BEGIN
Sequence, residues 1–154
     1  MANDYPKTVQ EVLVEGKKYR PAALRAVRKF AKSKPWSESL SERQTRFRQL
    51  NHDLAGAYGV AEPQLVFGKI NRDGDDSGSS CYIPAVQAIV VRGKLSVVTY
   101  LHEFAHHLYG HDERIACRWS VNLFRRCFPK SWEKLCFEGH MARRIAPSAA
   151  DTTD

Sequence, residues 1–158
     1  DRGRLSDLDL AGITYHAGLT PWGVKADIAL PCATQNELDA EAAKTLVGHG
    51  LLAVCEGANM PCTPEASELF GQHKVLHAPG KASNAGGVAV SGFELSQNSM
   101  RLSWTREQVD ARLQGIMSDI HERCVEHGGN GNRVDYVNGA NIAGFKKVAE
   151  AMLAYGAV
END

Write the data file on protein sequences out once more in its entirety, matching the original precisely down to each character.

Sequence, residues 1–154
     1  MANDYPKTVQ EVLVEGKKYR PAALRAVRKF AKSKPWSESL SERQTRFRQL
    51  NHDLAGAYGV AEPQLVFGKI NRDGDDSGSS CYIPAVQAIV VRGKLSVVTY
   101  LHEFAHHLYG HDERIACRWS VNLFRRCFPK SWEKLCFEGH MARRIAPSAA
   151  DTTD

Sequence, residues 1–158
     1  DRGRLSDLDL AGITYHAGLT PWGVKADIAL PCATQNELDA EAAKTLVGHG
    51  LLAVCEGANM PCTPEASELF GQHKVLHAPG KASNAGGVAV SGFELSQNSM
   101  RLSWTREQVD ARLQGIMSDI HERCVEHGGN GNRVDYVNGA NIAGFKKVAE
   151  AMLAYGAV